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History and Culture

Home  >  History and Culture  >  Cultural Heritage
CIRI's Native Pride Program
By Dawn Dinwoodie Page 1 of 2   Next ยป

Alaska Native and Native American youth have the highest dropout rate among all ethnic groups in the Anchorage School District, according to Edna Lamebull, Supervisor of the Indian Education Program. Additionally, Lamebull believes a common problem among Alaska Native and Native American youth is a lack of identity and pride in Native culture and traditions. CIRI's community relations plan desires to build awareness of the vital role that Alaska Native and Native American people play in the economic, social and cultural development of Alaska and the nation. Placing a high priority on supporting youth and education, CIRI is committed to helping youth develop leadership skills and lifelong learning habits.

Dawn Dinwoodie
In partnership with the Anchorage School District Indian Education Program, CIRI is currently developing a Native Pride program designed to increase identity and pride among Alaska Native and Native American students. Other partners in the project include the Alaska Native Professional Association and Big Brothers Big Sisters of Anchorage. The Native Pride program supports youth by providing positive Alaska Native or Native American role models to either mentor students individually or to provide presentations to all participants. The mentoring component is a long-term commitment and the one-time presentations or discussions are focused on careers, youth issues, cultural topics, and so on. In April, Ramy Brooks, the 1999 Yukon Quest Champion, toured three Anchorage middle schools to share information about his career as an Iditarod musher. He provided an educational slideshow on the business of dog mushing from caring and training the dogs to weather and snow conditions. Last year, actor Irene Bedard, a CIRI shareholder of Inupiat heritage and a Dimond High School graduate, volunteered her time while visiting Anchorage to provide a powerful personal story of growing up in Anchorage and how she became a successful actor.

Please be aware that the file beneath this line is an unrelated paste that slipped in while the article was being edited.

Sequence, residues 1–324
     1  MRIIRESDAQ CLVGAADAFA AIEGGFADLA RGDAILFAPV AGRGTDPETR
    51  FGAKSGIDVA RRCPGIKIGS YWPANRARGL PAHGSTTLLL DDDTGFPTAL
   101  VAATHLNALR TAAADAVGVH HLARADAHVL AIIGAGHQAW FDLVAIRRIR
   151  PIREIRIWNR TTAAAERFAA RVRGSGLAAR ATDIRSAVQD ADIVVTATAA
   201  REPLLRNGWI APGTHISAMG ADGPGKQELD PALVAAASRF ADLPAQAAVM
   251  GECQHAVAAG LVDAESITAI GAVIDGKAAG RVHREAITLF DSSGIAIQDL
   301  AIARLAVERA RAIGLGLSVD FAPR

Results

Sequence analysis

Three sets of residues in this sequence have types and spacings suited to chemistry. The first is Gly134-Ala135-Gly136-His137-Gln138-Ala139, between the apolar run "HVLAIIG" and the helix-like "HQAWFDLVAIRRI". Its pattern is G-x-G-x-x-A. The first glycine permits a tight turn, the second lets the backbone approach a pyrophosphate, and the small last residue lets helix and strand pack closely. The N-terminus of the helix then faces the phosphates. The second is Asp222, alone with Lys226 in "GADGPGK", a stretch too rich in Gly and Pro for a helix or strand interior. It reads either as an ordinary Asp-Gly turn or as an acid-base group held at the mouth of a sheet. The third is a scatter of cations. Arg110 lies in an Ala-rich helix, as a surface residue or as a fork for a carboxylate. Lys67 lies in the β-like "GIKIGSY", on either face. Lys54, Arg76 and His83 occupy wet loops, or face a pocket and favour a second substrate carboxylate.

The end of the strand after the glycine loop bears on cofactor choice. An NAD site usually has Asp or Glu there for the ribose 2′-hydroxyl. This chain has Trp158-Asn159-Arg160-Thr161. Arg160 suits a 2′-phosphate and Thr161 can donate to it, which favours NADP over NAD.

These presentations often have an educational component, as in the case of renowned Native American author Sherman Alexie's recent visit with Anchorage students. West High School teacher Debi Bye met with participating students before their gathering with Sherman Alexie. Bye led the students in a discussion about Native American authors and the mainstream stereotypes and misperceptions they often run into when writing stories about their lives. Bye also gave the students background information on Sherman Alexie, and led them through a series of his short stories and poems, in order to prepare them for a meaningful discussion with Alexie and to increase their knowledge about Native American authors.

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About the Author: Dawn Dinwoodie is a Community Relations Specialist at CIRI.
 
Next page:   Pictures and Words: Meeting Sherman Alexie Pages:  1 2 


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